Hydrogen-Powered Truck Begins Work at LA-Long Beach

Rodiano Bonacci
Ottobre 13, 2017

Heavy duty vehicles make up a significant percentage of the annual emissions output at the Ports of Los Angeles and Long Beach, and the Portal feasibility study may provide another path to further reduce emissions. The zero-emission class 8 truck proof of concept has completed more than 4,000 successful development miles, while progressively pulling drayage rated cargo weight, and emitting nothing but water vapor. The deployment - dubbed "Project Portal" - is meant to test the effects of frequent duty cycles on the carmaker's Mirai fuel cell system, a lead-up to long-haul route deployment.

After introducing the hydrogen-powered Mirai sedan, Toyota is looking to expand its fuel cell technology to heavy-duty trucks. As the study progresses, longer haul routes will be introduced.

The modified Kenworth is quiet and quick. The concept truck generates more than 670 horsepower and 1,325 pound-feet of torque from two Mirai fuel cell stacks and a 12kWh battery. Its GVW is 80,000 lbs., and its estimated driving range is more than 200 miles per fill under normal drayage operation.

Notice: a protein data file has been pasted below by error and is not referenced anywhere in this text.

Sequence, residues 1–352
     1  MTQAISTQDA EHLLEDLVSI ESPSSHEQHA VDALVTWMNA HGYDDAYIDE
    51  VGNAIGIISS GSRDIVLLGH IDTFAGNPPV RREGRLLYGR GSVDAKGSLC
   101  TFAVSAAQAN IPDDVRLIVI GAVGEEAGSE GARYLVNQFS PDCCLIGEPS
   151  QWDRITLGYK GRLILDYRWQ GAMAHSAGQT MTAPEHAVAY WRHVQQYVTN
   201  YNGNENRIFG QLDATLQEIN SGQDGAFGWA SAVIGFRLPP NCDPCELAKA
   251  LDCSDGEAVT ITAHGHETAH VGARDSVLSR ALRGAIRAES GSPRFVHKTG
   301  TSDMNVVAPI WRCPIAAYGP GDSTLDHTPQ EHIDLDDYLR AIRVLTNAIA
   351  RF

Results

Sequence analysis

Tesla plans to unveil its own fully electric semi truck in November, and Tesla founder Elon Musk has been a vocal critic of hydrogen power in general.

The neighboring ports of Los Angeles and Long Beach, America's busiest container facilities, have ambitious goals for reducing emissions. The goals would require the deployment of 100,000 zero-emissions vehicles over the next 15 years, and the total cost would be in the range of $14 billion, according to an estimate prepared for the ports. Their joint Clean Air Action Plan calls for a zero-emissions drayage fleet by 2035 and zero-emissions terminal equipment by 2030.

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